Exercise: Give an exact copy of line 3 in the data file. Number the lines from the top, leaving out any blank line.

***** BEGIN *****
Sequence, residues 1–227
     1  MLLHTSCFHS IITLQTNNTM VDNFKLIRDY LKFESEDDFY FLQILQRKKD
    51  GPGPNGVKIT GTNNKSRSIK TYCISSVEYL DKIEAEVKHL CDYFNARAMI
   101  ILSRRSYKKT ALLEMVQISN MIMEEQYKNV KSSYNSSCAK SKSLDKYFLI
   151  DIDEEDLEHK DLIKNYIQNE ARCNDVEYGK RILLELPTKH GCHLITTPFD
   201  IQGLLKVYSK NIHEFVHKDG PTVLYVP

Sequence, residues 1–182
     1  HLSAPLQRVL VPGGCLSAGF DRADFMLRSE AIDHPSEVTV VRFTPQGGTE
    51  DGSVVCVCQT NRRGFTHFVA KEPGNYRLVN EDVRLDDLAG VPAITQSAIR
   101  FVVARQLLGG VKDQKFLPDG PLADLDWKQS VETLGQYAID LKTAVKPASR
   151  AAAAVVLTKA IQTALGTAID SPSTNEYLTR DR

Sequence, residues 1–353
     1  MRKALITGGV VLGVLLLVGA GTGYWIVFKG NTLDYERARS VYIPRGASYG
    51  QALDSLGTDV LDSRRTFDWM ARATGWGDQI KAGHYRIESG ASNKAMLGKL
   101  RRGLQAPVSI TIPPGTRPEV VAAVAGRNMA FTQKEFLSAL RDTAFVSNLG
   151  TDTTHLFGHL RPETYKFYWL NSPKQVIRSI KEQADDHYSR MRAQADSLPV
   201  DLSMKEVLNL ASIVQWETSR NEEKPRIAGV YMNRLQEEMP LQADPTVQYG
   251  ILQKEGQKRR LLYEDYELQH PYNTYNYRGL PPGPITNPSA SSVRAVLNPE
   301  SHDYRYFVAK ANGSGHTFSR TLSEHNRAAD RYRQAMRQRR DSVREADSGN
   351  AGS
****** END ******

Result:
    51  GPGPNGVKIT GTNNKSRSIK TYCISSVEYL DKIEAEVKHL CDYFNARAMI